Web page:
High-altitude airships company picks New Mexico for base

RIO RANCHO, N.M. (AP) — A technology company aiming to send up high-altitude airships to monitor crops and bring broadband has chosen New Mexico for its U.S. production center, state Economic Development Secretary Alicia J. Keyes announced Tuesday.

The Switzerland-based Sceye picked the state as its U.S. base for stratospheric flights for earth observation and communication after spending more than $50 million in developing the stratospheric airship and building infrastructure, state officials said.

Officials said the company founded by global humanitarian Mikkel Vestergaard will locate its manufacturing operation in the state and will create 140 high-paying manufacturing and engineering jobs.

The move comes as Sceye works to develop a fleet of airships that could be parked for long periods of time about 65,000 feet (19,812 meters) in the air. Once in the sky, the blimp-like airships would monitor crop conditions, climate change, and human trafficking. The aircraft also may improve communication connections between drones, aircraft, satellites, and expand broadband.

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The airships are controlled by pilots on the ground who move them as weather and the Earth’s atmosphere changes.

“New Mexico has been home to many innovative companies and Sceye’s approach to broadband and methane monitoring is game-changing,” Keyes said. “It’s these types of disruptive companies that will drive economic development in the state for years to come.”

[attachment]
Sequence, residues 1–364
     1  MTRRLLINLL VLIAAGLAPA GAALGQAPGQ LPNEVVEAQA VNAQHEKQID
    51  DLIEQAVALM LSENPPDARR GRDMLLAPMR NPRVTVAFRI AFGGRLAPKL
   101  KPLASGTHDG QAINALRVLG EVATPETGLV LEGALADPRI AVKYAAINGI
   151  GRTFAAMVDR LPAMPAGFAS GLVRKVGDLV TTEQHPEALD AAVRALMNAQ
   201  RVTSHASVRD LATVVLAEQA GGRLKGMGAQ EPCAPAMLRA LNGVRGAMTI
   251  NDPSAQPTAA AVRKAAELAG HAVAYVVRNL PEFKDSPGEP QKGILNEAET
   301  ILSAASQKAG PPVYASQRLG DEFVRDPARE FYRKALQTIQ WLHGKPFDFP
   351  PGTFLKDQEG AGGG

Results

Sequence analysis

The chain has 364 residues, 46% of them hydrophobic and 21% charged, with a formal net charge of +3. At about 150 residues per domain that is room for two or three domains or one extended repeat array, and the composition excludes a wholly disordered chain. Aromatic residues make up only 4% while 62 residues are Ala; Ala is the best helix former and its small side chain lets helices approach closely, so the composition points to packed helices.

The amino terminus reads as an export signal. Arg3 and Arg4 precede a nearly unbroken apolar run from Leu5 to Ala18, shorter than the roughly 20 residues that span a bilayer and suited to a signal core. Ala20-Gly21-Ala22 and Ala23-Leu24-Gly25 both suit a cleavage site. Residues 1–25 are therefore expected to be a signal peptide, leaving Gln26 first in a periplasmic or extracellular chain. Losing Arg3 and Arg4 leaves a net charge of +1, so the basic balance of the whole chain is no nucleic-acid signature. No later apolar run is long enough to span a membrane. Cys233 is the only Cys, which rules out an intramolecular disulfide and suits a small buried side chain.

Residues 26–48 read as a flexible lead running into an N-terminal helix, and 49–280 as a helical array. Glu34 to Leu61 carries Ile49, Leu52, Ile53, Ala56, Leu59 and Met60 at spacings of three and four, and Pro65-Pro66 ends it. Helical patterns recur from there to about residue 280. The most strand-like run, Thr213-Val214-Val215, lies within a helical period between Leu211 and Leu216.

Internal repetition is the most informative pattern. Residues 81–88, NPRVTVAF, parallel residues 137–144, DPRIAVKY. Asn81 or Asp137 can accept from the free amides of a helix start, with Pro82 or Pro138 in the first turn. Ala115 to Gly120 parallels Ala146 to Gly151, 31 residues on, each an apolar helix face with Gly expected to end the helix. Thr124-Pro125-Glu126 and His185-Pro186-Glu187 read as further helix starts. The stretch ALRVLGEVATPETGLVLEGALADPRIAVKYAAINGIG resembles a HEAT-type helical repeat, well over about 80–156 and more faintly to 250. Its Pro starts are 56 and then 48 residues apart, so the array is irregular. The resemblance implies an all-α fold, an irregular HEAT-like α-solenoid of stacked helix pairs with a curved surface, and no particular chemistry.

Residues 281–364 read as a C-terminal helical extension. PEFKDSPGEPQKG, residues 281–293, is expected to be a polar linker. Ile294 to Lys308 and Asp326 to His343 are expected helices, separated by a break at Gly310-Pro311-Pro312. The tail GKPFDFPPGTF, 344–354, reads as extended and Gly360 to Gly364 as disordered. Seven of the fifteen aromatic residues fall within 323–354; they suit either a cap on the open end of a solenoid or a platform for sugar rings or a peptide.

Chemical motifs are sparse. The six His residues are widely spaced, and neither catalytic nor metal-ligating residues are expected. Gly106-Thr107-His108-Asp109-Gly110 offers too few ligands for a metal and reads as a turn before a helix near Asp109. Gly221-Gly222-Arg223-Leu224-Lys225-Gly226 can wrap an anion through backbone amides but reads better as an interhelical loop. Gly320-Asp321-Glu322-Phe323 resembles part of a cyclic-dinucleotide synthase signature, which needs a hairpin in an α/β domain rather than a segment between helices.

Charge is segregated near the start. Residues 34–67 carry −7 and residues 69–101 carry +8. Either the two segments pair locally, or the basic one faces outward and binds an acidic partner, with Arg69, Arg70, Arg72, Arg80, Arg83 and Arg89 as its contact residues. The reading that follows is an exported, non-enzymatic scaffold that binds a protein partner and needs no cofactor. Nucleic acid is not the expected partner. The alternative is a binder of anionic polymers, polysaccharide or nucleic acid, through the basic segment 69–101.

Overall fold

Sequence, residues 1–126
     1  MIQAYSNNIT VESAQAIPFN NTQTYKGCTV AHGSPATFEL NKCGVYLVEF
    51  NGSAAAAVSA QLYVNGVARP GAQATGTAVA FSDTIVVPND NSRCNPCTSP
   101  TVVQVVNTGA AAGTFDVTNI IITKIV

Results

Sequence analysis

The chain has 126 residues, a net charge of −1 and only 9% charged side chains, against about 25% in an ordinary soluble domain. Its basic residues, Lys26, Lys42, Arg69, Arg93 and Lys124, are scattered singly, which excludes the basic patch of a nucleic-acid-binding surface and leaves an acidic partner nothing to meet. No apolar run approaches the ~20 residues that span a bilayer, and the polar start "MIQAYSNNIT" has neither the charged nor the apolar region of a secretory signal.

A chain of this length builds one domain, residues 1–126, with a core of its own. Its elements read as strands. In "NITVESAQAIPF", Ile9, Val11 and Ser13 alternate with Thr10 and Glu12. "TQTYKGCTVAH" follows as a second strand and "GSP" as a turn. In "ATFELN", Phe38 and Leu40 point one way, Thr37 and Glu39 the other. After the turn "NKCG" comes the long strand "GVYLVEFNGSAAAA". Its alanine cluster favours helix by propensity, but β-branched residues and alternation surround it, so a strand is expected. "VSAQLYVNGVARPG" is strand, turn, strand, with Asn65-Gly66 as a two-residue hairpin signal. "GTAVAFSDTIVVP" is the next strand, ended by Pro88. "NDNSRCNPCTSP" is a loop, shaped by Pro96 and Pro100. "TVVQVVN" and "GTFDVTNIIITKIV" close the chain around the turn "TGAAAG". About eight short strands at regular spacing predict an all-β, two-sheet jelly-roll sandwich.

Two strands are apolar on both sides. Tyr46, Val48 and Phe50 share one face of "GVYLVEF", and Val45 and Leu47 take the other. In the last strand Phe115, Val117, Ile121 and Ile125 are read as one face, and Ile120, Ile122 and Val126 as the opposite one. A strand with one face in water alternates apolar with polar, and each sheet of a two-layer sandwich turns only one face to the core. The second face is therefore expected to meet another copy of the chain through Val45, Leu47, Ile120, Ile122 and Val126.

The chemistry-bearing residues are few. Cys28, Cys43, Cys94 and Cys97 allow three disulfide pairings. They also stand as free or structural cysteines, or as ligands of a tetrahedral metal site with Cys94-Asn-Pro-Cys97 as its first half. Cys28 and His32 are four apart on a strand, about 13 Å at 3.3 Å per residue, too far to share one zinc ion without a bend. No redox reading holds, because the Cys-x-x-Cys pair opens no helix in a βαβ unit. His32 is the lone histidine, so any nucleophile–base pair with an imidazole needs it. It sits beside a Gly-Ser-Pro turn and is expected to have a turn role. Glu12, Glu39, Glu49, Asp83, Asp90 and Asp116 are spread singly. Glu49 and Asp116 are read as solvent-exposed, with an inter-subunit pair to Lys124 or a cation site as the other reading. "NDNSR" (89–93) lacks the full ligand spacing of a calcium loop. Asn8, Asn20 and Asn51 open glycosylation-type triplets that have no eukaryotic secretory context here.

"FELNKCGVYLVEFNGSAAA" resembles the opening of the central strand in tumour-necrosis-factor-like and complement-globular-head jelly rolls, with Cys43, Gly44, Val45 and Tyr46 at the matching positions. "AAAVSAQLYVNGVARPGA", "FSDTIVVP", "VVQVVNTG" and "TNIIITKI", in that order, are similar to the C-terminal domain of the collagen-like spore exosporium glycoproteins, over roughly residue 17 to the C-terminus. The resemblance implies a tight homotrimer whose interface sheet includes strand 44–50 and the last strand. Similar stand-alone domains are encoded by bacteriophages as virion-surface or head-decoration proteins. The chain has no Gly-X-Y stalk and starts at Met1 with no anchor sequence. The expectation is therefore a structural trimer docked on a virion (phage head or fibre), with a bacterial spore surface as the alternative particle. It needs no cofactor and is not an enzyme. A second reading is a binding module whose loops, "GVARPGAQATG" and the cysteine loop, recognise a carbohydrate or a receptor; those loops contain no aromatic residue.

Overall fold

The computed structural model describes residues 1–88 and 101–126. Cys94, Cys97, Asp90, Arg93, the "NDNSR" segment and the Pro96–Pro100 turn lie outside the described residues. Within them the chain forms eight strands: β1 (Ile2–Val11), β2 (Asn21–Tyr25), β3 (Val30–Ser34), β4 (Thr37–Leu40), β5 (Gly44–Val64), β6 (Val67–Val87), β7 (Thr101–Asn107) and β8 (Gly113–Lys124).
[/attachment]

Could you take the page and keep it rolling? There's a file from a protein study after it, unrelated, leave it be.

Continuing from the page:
At New Mexico’s Spaceport America, a company called SpinLaunch is testing technology that would launch satellites into orbit with kinetic energy. Virgin Galactic has 150 employees in the state as it prepares for commercial space flights.

While preparing for more airship flights, Sceye is negotiating a deal to provide broadband access to the Navajo Nation and other underserved areas.

Keyes said for years the state has struggled with building an infrastructure on the ground to bring broadband to rural areas. “This could eliminate that problem,” she said.

“The (COVID-19) emergency has amplified the need for universal access to the advantage of a networked world,” Vestergaard said in a statement. “There is a massive gap between the connected and unconnected.”

Keyes said Sceye will start with five airships and could expand to other areas of the country.

In January 2019, Vestergaard, former CEO of global public health companies Vestergaard and LifeStraw, stepped down from those companies to exclusively focus on Sceye’s expansion. Sceye was founded in 2014.

In recent years, the company has conducted research and development of its technology at Roswell and Moriarty, New Mexico, airports.

Last year, the state gave the company a $2 million loan to help it to rebuild following a windstorm that caused extensive damage to its hangar and airship.

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